Ebola crisis prompts evacuation order of U.S. embassy family members in Freetown.

As the deadliest Ebola outbreak ever unfolds in West Africa, two American missionaries continue to recover in Atlanta after receiving an experimental drug called ZMapp. An Ebola expert explains how ZMapp is derived and how it fights the deadly virus. (Gillian Brockell and Pamela Kirkland/The Washington Post)

The State Department on Thursday ordered family members of U.S. embassy employees in Sierra Leone to evacuate the country’s capital, Freetown, due to worries that the ongoing Ebola crisis is overwhelming medical facilities there.

“The embassy [in Sierra Leone] recommended this step out of an abundance of caution, following the determination by the Department’s Medical Office that there is a lack of options for routine health care services at major medical facilities due to the Ebola outbreak,” State Department spokeswoman Marie Harf said in a statement.

The agency added that it is “reconfiguring” staff at the embassy in Freetown “to be more responsive to the current situation.” That includes focusing on helping U.S. citizens in the country, as well as working with Sierra Leone’s government and international health and non-government relief organizations.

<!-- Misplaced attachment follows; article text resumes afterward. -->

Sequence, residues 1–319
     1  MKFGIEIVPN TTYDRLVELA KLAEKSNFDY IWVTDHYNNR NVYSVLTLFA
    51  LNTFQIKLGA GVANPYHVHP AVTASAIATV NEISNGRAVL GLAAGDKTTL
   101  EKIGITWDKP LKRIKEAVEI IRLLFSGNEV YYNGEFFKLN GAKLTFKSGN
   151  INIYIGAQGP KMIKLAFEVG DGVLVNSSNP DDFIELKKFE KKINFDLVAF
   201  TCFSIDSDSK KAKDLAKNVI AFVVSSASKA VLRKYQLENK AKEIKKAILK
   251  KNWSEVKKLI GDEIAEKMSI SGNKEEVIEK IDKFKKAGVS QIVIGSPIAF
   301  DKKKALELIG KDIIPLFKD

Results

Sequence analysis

“We remain deeply committed to supporting Sierra Leone and regional and international efforts to strengthen the capacity of the country’s health care infrastructure and system,” Harf said, “specifically, the capacity to contain and control the transmission of the Ebola virus, and deliver health care.”

Asked about the number of family members leaving Sierra Leone, and the number of embassy and consular staff remaining, Harf said, “We don’t give exact numbers in any of our posts for security reasons.”

The Ebola epidemic over time

Earlier this month, the U.S. government also ordered family members of the embassy in Liberia to leave that country’s capital, of Monrovia. The agency cited similar concerns about the deteriorating public health system there as the outbreak worsened.

Harf said that embassies with consular services remain open, and that the agency is “taking a look” at situation in Guinea to determine whether family members of U.S. personnel there also should be evacuated.

Previously, the Peace Corps and some international aid groups have temporarily pulled hundreds of volunteers and employees out of affected areas.

Thursday’s action comes as the worst recorded Ebola outbreak in history continues to deepen. According to the latest update from the World Health Organization, the death toll in the four countries struggling to contain the virus has climbed to 1,069, with a total of 1,975 reported cases.

Karen DeYoung contributed to this report.

Brady Dennis is a national reporter for The Washington Post, focusing on food and drug issues.
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